The Virtual Observatory Is Very Much Real!


This is the title of a talk given at the Harvard-Smithsonian Center for Astrophysics by my colleague Giuseppina (Pepi) Fabbiano. Pepi has been involved in the VO since its earliest daya, and she currently serves as Chair of the Executive Committee of the International Virtual Observatory Alliance (IVOA), the international body that specifies protocols for uniform access to worldwide data. You can watch the full video below. It explains how the VO is embedded into the infrastructure of many projects, and astronomers use it day-to-day without realizing it.


Here is Pepi’s abstract:

“While the VO is now embedded in the fabric of data astronomy, astronomers are still largely unaware of it, and often think of it as a past, perhaps failed, experiment. Instead, chances are that if you work with data, you are already using the VO. In this talk, I will discuss VO perception and reality, and demonstrate recent VO-enabled software and interfaces. Observations of the sky by means of increasingly powerful ground-based and space telescopes (and simulations) produce a rich and ever larger volume of digital data. They constitute a tremendous Virtual Observatory for astronomers to investigate the properties and evolution of the Universe. The realization that a new infrastructure was needed to fully and easily exploit these increasingly complex, diverse and large data sets, led to the constitution in 2002 of the International Virtual Observatory Alliance (IVOA), the standards organization for digital astronomy data access and interoperability. The IVOA has so far been joined by 21 national and international VO projects worldwide, and has produced standards for finding, accessing, selecting, extracting, analyzing and visualizing data. IVOA standards are increasingly implemented in all the major archives worldwide. Data centers are beginning to be built upon these standards, and new telescope projects are planning to use them. IVOA standards are used in a growing set of popular tools and interfaces in astronomy, as well as in tools used for Education and Outreach world-wide.”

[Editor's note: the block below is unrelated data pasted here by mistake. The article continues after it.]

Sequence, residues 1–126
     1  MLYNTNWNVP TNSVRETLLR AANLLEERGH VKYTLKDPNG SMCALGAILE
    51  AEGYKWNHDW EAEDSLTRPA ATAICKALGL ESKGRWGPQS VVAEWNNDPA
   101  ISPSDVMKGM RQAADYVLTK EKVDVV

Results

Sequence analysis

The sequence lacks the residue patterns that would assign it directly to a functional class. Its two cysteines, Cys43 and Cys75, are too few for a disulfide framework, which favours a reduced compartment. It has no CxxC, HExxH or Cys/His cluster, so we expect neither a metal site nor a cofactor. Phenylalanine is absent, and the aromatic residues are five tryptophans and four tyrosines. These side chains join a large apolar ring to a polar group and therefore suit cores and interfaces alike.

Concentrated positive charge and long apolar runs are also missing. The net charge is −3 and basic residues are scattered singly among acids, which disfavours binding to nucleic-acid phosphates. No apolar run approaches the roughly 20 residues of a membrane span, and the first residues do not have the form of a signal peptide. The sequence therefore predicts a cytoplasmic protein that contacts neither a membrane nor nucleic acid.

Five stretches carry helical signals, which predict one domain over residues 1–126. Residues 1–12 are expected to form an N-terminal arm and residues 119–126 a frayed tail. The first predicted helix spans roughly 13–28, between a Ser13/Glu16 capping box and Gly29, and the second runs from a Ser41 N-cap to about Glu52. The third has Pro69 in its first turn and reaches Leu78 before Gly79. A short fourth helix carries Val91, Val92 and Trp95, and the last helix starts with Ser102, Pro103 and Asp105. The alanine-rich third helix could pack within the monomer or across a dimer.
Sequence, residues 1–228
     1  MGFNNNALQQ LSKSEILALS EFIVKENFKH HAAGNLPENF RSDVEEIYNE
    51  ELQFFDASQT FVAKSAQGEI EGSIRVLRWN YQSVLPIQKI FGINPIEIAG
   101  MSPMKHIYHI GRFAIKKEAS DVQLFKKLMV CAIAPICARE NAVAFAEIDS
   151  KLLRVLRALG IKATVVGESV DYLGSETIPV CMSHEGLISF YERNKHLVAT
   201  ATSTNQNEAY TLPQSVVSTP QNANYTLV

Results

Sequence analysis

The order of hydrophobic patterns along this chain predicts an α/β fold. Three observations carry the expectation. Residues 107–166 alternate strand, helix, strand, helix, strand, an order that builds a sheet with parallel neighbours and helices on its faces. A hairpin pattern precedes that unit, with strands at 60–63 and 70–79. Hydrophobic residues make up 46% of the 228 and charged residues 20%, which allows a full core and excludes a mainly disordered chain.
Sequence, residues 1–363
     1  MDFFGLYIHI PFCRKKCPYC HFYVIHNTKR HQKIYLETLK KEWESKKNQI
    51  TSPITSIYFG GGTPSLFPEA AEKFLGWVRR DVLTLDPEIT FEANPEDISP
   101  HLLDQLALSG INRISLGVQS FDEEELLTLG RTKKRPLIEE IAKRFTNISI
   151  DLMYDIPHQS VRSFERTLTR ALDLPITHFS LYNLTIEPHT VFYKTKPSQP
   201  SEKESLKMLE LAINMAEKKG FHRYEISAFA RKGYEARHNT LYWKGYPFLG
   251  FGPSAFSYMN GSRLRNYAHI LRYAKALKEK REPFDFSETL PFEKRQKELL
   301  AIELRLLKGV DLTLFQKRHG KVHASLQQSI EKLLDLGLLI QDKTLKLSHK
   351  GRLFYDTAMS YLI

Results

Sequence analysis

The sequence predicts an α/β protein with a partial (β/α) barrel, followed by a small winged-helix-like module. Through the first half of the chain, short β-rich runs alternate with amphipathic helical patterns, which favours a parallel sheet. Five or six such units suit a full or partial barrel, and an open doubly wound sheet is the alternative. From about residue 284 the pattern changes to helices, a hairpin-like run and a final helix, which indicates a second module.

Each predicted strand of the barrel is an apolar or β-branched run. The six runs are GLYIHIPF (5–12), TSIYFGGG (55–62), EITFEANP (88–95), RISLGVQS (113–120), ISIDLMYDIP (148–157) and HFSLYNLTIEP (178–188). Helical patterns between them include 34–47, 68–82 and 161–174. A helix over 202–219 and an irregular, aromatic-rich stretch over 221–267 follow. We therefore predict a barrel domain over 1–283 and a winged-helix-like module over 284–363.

This entry was posted in archives, astroinformatics, Astronomy, computer videos, Computing, computing videos, cyberinfrastructure, data archives, Data Management, information sharing, software engineering, software sustainability, Virtual Observatory and tagged , , , , . Bookmark the permalink.

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